In the years since Charlotte’s new lease on life, a lot has happened. The Stanley Brothers asked if they could rename the plant in her honor: Charlotte’s Web. CNN shared her success story via a documentary with Dr. Sanjay Gupta titled WEED . Many people flocked to Colorado to legally try the plant for their loved ones. An entire community rallied around the CBD movement, and we began a non-profit to assist, The Realm of Caring , headed by Heather Jackson, a mom whose son also experienced success with CBD. State laws were rapidly changed by warrior parents and patients to allow for legal CBD and medical marijuana use.

I also created the Coalition for Access Now , a political non-profit, to support the state and international reform effort. After a dozen states quickly passed laws surrounding CBD, the federal government wrote the first bill to remove it from the Controlled Substances Act where cannabis is listed as a Schedule I drug. Until cannabis, hemp, and CBD laws are fixed, there will be people who are unable to access what Charlotte is allowed.

The journey is not over, and it isn’t just about Charlotte anymore. Hers is simply one face representative of an entire community that deserves the chance of a basic human right — to try a treatment that may ease suffering. Now, Charlotte’s life is measured not in her number of medications or hospital trips (both zero) but in smiles and laughs, silly pleasures, beaches, hikes, and more. The whole family has healed through Charlotte — and through changing the landscape so others like her have a chance to heal, too.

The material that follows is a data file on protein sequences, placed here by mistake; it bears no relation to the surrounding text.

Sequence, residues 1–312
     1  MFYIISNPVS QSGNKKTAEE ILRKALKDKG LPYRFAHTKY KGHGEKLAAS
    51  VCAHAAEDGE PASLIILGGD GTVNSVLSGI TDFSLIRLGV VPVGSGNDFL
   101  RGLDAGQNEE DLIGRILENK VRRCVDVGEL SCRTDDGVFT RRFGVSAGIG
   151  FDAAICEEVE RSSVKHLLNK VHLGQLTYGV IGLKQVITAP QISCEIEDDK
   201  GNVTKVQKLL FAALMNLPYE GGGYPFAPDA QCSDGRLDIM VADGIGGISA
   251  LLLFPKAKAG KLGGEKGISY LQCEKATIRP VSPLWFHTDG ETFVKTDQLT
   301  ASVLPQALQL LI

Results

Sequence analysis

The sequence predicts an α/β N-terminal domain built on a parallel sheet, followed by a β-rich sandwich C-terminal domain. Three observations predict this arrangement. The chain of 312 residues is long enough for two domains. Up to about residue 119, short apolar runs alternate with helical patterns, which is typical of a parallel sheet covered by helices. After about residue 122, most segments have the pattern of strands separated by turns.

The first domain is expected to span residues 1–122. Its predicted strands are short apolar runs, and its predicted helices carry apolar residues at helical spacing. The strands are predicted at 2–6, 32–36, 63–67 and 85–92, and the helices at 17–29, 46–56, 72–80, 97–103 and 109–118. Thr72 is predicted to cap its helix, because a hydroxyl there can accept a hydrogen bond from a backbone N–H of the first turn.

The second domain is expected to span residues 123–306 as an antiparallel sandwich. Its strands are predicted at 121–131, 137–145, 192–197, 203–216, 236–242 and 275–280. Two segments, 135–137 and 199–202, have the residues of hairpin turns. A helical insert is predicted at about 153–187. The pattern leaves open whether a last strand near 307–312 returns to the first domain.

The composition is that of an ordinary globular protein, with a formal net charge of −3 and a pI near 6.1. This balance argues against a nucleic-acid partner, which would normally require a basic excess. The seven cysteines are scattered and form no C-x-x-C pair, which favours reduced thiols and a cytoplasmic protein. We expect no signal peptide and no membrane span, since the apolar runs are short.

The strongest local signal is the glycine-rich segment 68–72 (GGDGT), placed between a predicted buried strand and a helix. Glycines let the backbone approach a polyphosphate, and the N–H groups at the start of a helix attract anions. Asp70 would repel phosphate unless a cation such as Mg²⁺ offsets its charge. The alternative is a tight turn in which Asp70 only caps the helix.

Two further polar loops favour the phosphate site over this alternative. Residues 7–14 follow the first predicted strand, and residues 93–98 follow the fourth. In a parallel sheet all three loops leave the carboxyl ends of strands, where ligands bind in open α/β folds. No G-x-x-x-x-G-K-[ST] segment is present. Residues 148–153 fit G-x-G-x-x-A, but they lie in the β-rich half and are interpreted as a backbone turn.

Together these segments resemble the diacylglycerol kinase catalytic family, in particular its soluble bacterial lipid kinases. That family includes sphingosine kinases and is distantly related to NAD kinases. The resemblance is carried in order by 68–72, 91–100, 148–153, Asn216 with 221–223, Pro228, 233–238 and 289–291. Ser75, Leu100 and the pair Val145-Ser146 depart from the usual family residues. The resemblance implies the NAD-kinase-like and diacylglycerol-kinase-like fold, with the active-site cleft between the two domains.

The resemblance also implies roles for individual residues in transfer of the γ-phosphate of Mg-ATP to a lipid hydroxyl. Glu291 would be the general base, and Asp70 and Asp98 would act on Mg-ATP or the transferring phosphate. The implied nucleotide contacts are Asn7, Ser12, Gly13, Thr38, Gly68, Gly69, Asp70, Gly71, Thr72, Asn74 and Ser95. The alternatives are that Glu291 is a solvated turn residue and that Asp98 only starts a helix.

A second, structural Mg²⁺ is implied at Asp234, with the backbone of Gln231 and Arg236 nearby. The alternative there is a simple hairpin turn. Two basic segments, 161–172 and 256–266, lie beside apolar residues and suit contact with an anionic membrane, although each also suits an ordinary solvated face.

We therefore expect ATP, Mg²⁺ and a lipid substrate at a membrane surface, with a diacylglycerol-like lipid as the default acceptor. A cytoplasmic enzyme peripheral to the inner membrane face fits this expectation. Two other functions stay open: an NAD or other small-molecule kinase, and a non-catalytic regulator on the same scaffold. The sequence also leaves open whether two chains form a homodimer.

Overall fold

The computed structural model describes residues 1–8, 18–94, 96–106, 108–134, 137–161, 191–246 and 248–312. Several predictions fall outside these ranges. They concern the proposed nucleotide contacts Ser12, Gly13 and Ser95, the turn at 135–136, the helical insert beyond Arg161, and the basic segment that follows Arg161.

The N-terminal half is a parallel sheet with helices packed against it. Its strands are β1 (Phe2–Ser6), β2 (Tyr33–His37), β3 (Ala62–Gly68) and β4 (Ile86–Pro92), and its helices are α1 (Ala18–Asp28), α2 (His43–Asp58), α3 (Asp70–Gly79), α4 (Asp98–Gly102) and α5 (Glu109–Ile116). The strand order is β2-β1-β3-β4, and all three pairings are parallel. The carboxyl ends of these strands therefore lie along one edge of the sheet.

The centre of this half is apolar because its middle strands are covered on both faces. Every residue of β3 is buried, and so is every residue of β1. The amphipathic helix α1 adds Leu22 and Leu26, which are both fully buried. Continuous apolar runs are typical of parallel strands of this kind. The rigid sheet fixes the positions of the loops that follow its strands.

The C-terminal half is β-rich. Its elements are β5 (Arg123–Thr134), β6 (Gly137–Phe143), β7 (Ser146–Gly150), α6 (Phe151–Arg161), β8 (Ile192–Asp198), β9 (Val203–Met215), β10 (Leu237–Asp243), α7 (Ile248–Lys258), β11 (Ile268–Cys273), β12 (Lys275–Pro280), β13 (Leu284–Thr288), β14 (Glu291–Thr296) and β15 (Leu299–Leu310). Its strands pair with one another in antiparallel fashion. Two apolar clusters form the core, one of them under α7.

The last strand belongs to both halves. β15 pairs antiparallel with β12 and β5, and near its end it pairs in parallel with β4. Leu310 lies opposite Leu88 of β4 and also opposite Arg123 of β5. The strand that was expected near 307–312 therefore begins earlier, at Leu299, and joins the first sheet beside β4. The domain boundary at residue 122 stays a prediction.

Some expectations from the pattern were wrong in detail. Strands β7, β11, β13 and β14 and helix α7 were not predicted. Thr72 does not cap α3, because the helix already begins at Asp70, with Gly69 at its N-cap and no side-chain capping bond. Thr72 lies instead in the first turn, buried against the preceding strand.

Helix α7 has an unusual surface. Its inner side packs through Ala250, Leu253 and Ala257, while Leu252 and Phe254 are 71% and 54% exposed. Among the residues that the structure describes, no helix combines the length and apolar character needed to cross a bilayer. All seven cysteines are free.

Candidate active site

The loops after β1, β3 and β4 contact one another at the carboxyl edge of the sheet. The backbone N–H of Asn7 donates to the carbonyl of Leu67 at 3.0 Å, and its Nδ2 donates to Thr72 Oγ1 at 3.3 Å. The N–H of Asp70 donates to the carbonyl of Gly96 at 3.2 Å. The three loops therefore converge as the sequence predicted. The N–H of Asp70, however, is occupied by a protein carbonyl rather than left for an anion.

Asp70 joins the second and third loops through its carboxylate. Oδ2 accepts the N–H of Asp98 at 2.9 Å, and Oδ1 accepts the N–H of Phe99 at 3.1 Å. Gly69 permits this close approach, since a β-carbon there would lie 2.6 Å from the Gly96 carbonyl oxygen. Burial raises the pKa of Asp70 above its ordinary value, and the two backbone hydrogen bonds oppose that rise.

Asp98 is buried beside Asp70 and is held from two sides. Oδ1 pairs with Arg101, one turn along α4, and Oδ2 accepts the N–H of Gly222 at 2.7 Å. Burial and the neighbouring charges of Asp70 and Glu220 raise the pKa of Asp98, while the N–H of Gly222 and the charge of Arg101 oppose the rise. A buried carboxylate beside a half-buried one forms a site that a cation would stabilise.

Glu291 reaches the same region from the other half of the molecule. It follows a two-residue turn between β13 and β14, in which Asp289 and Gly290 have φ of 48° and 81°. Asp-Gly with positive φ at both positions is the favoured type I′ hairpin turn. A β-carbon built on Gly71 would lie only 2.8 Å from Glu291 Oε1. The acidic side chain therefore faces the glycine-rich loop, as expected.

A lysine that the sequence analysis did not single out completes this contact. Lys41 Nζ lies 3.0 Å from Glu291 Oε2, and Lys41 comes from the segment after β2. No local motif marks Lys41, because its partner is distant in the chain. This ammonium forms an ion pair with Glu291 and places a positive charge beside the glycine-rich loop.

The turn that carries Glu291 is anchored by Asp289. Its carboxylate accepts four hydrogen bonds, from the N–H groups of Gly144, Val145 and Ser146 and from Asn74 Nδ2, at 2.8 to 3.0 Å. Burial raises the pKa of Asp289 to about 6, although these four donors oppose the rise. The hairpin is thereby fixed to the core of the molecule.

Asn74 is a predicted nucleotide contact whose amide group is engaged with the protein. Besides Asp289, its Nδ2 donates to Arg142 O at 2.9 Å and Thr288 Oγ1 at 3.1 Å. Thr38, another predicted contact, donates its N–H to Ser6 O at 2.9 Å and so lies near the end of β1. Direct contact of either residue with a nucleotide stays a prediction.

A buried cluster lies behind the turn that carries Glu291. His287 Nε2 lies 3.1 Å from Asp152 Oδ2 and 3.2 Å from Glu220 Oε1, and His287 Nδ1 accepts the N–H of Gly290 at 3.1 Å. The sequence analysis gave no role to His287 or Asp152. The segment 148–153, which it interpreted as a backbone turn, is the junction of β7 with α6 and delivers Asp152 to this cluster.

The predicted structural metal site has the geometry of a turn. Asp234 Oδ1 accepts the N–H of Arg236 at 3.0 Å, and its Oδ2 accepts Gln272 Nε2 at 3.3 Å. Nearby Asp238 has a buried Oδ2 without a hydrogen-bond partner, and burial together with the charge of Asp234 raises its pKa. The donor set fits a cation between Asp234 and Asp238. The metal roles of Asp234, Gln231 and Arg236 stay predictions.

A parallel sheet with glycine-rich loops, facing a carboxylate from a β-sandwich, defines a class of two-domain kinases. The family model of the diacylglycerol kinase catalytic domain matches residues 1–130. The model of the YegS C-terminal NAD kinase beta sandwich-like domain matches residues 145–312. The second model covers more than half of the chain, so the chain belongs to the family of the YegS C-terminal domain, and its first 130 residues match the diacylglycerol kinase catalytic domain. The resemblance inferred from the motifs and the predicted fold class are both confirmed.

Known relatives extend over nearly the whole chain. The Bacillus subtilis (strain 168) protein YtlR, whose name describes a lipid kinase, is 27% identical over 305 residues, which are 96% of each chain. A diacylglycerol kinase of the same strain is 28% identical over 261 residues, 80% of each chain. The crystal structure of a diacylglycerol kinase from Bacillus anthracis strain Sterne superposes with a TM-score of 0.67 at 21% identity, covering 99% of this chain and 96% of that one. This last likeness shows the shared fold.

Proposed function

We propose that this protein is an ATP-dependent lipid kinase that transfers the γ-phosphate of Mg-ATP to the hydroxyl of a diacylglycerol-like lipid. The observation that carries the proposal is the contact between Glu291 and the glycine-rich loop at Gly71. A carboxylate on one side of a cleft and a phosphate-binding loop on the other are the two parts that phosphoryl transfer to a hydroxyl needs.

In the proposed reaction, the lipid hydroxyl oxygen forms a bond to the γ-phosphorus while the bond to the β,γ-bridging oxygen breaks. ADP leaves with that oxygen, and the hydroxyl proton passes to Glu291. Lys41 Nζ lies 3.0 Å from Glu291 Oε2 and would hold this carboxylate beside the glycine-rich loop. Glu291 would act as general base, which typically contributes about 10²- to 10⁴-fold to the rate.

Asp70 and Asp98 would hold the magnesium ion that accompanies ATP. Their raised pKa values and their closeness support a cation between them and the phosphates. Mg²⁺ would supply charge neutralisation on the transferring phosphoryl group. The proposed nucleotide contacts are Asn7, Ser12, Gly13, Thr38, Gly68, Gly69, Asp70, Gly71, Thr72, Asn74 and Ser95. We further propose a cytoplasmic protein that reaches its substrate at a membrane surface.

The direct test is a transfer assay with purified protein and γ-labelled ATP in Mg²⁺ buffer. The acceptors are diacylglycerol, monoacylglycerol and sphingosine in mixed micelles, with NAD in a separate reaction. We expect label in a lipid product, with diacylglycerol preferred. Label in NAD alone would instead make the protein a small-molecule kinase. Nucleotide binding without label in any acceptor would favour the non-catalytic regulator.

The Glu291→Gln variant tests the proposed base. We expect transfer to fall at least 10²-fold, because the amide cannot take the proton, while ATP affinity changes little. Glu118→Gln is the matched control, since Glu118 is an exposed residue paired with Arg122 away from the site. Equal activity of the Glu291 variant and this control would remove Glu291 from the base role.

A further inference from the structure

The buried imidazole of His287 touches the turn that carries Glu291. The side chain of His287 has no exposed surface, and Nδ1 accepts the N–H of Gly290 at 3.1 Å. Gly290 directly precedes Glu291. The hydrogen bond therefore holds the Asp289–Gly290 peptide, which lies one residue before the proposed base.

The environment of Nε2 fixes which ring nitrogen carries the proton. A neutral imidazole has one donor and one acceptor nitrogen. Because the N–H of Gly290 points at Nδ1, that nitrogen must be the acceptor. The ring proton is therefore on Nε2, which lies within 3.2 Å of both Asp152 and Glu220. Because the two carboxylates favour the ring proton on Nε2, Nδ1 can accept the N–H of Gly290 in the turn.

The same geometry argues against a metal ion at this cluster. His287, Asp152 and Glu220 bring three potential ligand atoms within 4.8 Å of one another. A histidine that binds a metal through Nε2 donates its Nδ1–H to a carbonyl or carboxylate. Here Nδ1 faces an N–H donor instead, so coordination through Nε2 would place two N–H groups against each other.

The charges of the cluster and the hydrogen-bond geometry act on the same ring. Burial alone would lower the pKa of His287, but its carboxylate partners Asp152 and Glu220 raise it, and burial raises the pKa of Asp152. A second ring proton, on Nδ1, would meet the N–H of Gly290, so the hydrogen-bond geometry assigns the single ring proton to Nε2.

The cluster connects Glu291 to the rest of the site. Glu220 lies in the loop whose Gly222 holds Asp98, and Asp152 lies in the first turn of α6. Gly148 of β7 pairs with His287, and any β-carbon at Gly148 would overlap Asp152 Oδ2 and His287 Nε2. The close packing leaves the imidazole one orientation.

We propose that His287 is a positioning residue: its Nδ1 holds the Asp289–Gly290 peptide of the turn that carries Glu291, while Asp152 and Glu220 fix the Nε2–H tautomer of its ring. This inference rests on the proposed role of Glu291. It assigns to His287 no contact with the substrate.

Using Cannabis While Pregnant Does Not Impair Children’s Cognition, Decades Of Studies Suggest

Stock – a father and son dressed as dragons play in their living room.

Across the US, children and their parents routinely face separation and other forms of punishment due to legal and medical policies around prenatal cannabis exposure, and the notion that cannabis use during pregnancy may harm children’s development.

But according to a review of research to date, there’s no evidence to support this belief about cannabis, nor the inarguably harmful policies which rely on it. After nearly six years of comparing study results, researchers at Columbia University, the New York State Psychiatric Institute, and Swinburne University have found that prenatal cannabis exposure does not lead to cognitive impairment in children, based on data from decades’ worth of studies on this issue.

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Published this month in the journal Frontiers in Psychology, the systematic review revealed that a vast majority of studies on this topic found no significant statistical differences between kids who were reportedly exposed to cannabis during pregnancy, and those who were not. Less than 5% of comparable studies in this area showed any statistical difference between children’s scores on cognitive tests; importantly, these included both slight dips and improvements in scores, and all but 0.3% of study results still fell in the normal range.

While research reviews previously established that prenatal cannabis exposure doesn’t seem to adversely affect children’s physical development, the question of whether or not it could affect their cognitive development has remained somewhat unanswered on this larger scale — in short, leaving medical and legal authorities to base their policies on individual studies that don’t show the whole statistical picture, let alone the clinical implications for kids in real life.

To examine the statistical implications of all extant data on prenatal cannabis exposure so far, researchers Dr. Ciara A. Torres, Dr. Carl L. Hart, Christopher Medina-Kirchner, and Kate Y. O’Malley reviewed hundreds of studies pertaining to cannabis use and children, eventually focusing in on several dozen that addressed prenatal cannabis exposure and child cognition specifically.